When I caught up with Hussein after the panel, he explained that not surprisingly, the old guard at the BBC had very "subtle" ways of expressing their distrust of outsiders and interlopers like himself and Lambert. "The British don't ever express themselves at any specific ways," says Hussein. The old-school Brits were "strait-laced and stiff upper lip," and you felt like you were being piped aboard a Naval vessel just entering one of these hidebound institutions.
Not only that, but Doctor Who was made outside the Children's Department at the BBC — instead, it was made by the new Serials division. The actual Children's Department was doing fairly simple programs like Muffin the Mule (see video), which was worlds away from Doctor Who — and they despised the time traveler. Said Hussein:
There was this dichotomy between Drama and the Children's Department. The ladies who ran the Children's Department were well into their fifties and sixties, and they were rather like those people in The Kiling of Sister George. They were very worried about Verity Lambert, who came in looking absolutely marvelous. She was young, attractive, well-educated — she'd been to all the right schools, she'd been to Roedean, for God's sake, and spoke with a cultured accent. I remember standing in the bar one night, and hearing this gossip [from the Children's Department women]: "We all know how she got there, and it wasn't by walking."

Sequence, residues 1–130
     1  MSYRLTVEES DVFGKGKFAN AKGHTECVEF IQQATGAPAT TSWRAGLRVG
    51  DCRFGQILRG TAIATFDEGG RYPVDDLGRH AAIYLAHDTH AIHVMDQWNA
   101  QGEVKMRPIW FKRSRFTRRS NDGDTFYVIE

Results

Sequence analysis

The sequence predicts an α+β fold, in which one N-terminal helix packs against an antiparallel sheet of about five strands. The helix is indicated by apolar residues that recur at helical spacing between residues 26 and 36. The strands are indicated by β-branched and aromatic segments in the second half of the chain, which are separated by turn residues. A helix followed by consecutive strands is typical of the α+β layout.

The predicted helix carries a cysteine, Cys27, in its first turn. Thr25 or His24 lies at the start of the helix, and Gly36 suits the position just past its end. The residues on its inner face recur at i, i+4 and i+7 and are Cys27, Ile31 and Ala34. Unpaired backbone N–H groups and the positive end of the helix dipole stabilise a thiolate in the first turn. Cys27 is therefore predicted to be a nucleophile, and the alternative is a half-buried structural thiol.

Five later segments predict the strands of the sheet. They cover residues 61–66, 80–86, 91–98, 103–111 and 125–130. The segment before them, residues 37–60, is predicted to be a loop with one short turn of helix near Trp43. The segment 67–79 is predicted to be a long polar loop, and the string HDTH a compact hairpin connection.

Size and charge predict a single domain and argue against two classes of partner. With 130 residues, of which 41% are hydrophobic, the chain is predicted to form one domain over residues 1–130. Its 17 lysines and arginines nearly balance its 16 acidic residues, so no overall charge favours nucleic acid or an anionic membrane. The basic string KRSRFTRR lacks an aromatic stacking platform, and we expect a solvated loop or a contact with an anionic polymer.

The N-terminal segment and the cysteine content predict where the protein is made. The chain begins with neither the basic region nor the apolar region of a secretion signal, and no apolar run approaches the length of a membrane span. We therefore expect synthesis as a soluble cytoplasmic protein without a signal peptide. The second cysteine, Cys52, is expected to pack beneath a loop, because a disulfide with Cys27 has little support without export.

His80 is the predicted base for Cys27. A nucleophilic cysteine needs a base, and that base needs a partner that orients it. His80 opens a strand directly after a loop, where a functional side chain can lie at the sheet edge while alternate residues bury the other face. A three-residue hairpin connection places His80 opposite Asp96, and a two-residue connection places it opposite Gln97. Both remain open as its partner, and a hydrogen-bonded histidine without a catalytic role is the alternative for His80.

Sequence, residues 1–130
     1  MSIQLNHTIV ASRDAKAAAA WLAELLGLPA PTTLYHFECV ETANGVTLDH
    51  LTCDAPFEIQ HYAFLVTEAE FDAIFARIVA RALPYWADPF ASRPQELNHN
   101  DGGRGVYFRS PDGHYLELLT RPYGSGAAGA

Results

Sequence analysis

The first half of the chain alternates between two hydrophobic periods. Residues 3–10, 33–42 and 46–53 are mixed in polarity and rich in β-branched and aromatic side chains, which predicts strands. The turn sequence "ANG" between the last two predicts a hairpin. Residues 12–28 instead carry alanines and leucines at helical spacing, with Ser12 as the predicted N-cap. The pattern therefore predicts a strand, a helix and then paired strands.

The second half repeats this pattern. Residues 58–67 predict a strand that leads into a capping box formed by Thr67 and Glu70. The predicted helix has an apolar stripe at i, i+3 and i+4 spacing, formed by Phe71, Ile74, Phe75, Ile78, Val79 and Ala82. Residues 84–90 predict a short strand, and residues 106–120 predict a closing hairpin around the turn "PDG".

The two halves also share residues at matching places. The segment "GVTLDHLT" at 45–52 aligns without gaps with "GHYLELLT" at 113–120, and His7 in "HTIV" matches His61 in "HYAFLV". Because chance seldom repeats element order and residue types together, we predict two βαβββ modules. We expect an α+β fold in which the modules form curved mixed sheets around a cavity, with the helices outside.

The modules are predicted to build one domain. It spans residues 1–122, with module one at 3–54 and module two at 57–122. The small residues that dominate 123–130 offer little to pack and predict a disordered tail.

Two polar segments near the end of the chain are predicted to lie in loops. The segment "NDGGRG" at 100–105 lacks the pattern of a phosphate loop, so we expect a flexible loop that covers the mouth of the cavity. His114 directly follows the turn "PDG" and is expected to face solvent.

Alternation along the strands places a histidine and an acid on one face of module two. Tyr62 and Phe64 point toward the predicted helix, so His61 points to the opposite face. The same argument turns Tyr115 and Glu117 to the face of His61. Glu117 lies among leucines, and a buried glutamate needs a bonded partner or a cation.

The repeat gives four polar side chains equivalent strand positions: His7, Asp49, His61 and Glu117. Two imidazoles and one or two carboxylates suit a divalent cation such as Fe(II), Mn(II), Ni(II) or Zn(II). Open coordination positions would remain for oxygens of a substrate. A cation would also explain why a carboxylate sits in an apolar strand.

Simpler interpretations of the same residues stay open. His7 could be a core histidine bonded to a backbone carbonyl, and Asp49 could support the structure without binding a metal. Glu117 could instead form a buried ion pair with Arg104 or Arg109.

When Hussein heard them basically accusing Lambert of sleeping her way into the job, he almost spoke up, but decided to keep quiet lest he, too, become a target.
Given that everybody involved with Doctor Who was a young outsider, the BBC foisted them with an executive producer, Mervyn Pinfield. "Even his name was Dickensian," said Hussein. And he represented "traditional drama in the old-fashioned sense." Pinfield saw Hussein as in need of guidance through the obstacles of life, while Hussein saw himself as a young, radical, ambitious director struggling to get the job done with ancient equipment. Pinfield's favorite phrase was always, "May I have a word?" before he proceeded to tell Hussein how to do his job in a very plummy, delicate voice.